METHODS: We used data from the Saskatchewan Health and Back Pain Survey--a population-based cross-sectional survey mailed to a random, stratified sample of 2,184 Saskatchewan adults 20 to 69 years of age in 1995. Information on the main independent variable was gathered by asking respondents whether they had ever injured their low back at work. Our outcomes, the 6-month period prevalence of severity-graded low back pain and depressive symptoms during the past week, were measured with valid and reliable questionnaires. The associations between prior work-related low back injury and our outcomes were estimated through multinomial and binary multivariable logistic regression with adjustment for age, gender, and other important covariates. RESULTS: Fifty-five percent of the eligible population participated. Of the 1,086 participants who responded to the question about the main independent variable, 38.0% reported a history of work-related low back injury. A history of work-related low back injury was positively associated with low intensity/low disability low back pain (OR, 3.66; 95%CI, 2.48-5.42), with high intensity/low disability low back pain (OR, 4.03; 95%CI, 2.41-6.76), and with high disability low back pain (OR, 6.76; 95%CI, 3.80-12.01). No association was found between a history of work-related low back injury and depression (OR, 0.85; 95%CI, 0.55-1.30).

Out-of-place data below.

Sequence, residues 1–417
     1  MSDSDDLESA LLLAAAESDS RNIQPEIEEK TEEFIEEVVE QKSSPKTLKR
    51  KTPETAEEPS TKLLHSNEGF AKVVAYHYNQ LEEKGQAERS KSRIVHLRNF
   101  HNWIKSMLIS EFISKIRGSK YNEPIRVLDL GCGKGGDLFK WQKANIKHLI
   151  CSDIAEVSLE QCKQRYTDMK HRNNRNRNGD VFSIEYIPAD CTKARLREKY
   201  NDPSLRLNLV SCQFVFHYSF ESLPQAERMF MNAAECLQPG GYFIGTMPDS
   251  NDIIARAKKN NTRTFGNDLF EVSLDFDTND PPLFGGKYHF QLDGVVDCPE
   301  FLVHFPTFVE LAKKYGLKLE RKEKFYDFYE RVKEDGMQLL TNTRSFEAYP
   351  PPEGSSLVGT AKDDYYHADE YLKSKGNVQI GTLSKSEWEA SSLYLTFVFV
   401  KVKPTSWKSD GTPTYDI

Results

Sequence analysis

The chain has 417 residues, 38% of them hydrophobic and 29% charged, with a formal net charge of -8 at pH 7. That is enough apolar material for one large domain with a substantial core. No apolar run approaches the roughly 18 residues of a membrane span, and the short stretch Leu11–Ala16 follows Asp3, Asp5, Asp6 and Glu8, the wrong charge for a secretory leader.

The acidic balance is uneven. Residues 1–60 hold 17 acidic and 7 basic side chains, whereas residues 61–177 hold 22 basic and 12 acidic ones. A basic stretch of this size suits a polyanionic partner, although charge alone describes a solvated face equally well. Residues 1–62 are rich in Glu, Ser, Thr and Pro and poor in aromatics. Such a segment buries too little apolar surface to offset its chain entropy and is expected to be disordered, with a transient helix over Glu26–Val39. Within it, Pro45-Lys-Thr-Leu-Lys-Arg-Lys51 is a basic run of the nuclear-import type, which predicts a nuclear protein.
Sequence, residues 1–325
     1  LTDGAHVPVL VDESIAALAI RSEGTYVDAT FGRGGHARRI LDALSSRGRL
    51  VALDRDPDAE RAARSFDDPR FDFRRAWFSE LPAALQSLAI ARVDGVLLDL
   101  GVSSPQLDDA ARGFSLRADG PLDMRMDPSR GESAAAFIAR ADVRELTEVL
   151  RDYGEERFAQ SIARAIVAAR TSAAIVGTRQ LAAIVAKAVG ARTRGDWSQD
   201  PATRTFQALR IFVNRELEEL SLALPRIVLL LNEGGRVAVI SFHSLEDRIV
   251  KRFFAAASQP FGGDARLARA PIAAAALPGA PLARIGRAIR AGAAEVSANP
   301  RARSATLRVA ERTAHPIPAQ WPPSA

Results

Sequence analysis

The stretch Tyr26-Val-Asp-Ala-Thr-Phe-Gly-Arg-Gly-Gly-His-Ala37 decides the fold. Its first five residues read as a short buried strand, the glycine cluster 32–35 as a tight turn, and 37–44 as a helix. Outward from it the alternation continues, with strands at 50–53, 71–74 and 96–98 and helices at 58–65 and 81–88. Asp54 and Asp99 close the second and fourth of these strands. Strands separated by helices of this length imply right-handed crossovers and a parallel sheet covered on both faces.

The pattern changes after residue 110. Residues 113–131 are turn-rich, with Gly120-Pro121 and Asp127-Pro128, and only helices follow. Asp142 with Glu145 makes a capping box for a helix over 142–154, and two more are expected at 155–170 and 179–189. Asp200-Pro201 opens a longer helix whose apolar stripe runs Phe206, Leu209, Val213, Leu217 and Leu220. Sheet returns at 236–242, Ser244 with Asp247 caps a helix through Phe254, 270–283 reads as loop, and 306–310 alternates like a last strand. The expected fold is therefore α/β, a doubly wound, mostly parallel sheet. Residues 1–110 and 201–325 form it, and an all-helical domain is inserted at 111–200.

CONCLUSIONS: Our analysis shows an association between past occupational low back injury and increasing severity of prevalent low back pain, but not depression. These results suggest that past work-related low back injury may be an important risk factor for future episodes of low back pain and disability in the general population.
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